Studying history is, by that logic, an act of respect and a way to nourish our own sense of belonging in the community, nation, and planet. The pages in my American history textbook aren't arduous; rather they are a reflection of "the jewels of our own tradition." I like that.
5. European Literature
Although I study English alongside religion and I love to read, I much prefer writing to reading literature (or so I thought). We read Homer's Odyssey and Dante's Inferno in high school honors English, and I admittedly didn't care for either work. In my college European literature class, however, I found myself swooning over bits of prose and cross-referencing soupçons of history found in the footnotes.
There is something to say for revisiting a work of literature. Some books are a bit dense on the first read. Just as I get used to hot bath water by getting in, getting out, and getting in again (does anyone else do this?), revisiting literature makes a big difference. Besides, I don't think that such venerated works are meant to be read and tossed aside. They need to be dissected, read aloud, discussed, and read again. And even then, we may never "get it." The intentions of ancient Roman and Greek authors sometimes appear to be nothing but a mystery (if you've read the ending of Virgil's Aeneid, WHAT was Virgil thinking? Although... he did pass away before he had the chance to revise the work, and Augustus published it as is. If Virgil had been given the opportunity for revision, would he have changed the ending? The world may never know...).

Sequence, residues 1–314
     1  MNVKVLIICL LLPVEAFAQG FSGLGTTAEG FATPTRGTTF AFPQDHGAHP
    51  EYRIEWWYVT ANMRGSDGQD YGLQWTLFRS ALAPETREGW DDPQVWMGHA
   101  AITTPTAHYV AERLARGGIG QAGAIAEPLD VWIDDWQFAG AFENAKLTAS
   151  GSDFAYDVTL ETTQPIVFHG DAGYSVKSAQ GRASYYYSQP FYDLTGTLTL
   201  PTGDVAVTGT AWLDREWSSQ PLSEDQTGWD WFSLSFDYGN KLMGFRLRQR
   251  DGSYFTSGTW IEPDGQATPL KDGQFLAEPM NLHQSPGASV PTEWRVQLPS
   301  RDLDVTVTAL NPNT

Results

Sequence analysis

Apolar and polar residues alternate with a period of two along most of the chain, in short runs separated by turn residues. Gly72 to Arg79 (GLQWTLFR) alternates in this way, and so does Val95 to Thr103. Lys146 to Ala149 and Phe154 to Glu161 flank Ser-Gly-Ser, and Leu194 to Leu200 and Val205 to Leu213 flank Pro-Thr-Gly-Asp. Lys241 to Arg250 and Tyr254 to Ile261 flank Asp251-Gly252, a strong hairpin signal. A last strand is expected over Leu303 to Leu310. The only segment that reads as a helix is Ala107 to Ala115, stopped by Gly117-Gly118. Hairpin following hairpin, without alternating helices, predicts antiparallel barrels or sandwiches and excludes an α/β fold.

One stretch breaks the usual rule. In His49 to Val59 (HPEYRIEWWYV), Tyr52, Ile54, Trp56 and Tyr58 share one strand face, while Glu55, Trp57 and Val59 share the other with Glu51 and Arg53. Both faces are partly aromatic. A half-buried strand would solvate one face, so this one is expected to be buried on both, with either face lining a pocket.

Joyfully in Christ-
(and my mom let me have chocolate before dinner tonight, so I'm thrilled)